VirtualBox also does clipboard and file sharing, but only with the Guest Additions (only tested under a recent Ubuntu).
I don't mean to be too snarky about it, but it's a different environment and you're complaining that it's not as easy as the one you're familiar with. "Intuitive" is difficult to quantify; the Windows interface has changed repeatedly in the 7 -> 8 -> 10 era while the basic command line interface hasn't, so once you learn it it's not likely to be obsoleted. There are Linux UIs with all of the stuff you mention - GNOME has always targeted that market.
.NET has its own versioning pain with the .NET frameworks across different versions of Windows. I think it will eventually become more popular on Linux, but only once trust of Microsoft has slowly been rebuilt. Having an open source System.Windows.Forms would help too.
(Professionally I'm a Windows CE developer at the moment, which is a little weird from a Linux background)
And a more than ideal system would give you the way to go from GUI to scripting easily. I.e. in any control panel you would have a button at the top that if you click, will make some command windows appear below the current window, which would show you the command line equivalent of anything that you do using the GUI.
I am not arguing against having a scriptable OS. I am saying that a GUI makes things a lot easier to understand intuitively, being able to observe the state of the system visually and making it clear what are all the possible options from a given point.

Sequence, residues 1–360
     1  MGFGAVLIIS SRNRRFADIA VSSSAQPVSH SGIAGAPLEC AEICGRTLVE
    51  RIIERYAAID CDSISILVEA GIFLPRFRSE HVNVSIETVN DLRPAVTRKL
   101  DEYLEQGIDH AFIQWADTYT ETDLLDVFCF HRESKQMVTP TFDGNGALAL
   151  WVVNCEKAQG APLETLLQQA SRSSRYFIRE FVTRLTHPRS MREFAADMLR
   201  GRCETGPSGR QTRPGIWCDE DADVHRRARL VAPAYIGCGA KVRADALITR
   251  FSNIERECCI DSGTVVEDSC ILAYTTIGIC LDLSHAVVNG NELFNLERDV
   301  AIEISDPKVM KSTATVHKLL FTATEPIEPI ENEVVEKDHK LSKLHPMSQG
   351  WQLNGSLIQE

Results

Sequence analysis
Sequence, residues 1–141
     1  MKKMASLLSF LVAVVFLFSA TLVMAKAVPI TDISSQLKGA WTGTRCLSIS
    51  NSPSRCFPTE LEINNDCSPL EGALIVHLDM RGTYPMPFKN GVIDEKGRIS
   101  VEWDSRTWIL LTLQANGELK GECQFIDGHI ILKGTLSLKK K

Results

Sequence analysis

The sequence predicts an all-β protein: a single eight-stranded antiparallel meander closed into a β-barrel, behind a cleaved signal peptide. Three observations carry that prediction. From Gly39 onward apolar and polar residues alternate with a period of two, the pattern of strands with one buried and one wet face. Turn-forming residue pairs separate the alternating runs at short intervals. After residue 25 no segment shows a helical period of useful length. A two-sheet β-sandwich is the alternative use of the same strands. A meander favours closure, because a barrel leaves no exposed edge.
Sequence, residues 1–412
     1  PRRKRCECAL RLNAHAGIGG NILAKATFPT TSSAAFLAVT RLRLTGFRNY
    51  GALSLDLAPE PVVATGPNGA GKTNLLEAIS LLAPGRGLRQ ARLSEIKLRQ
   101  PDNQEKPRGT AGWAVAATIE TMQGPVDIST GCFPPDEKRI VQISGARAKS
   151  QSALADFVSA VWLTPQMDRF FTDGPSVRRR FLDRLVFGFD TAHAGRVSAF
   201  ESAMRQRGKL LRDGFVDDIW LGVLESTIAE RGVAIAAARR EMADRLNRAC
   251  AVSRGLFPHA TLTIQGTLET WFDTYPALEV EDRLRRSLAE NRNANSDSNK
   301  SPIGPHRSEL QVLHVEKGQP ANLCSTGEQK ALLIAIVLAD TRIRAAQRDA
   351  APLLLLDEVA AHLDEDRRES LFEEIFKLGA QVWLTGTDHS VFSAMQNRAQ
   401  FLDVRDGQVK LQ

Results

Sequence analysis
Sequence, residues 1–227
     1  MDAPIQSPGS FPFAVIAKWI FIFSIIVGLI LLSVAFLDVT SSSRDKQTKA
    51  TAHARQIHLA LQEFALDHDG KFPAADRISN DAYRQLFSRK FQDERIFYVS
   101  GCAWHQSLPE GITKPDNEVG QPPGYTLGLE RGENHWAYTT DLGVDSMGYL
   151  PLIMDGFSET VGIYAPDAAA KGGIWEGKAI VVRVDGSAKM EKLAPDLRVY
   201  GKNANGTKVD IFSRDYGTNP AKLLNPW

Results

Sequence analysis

You should check out this link - production quality OpenSSH for Windows planned for H1 2016.
The dedicated hardware uses a mixture of Flash and battery-backed SRAM to provide a crash- and powerloss-resistant transaction system.
PS. and you can apparently use .NET on Linux anyway (Mono) - here's an example of interfacing with I2C sensors: http://blog.mshmelev.com/2013/06/connecting-raspberry-pi-and...
Your suggestion of Mono goes the right way, I think: using a familiar language in an unfamiliar environment could help with the initial confusion.
I also looked at commercial alternatives but I wanted it to call one of my web services and that's not what these IoT devices typically do.
I got my first one hoping to tinker with it a little, but it ended up hooked to my TV and running OpenELEC. So here's to hoping the second time will be more tinker-y.
https://youtu.be/Y2Z6b64eh2E?t=172 (around 2m50)
that will make setup even easier!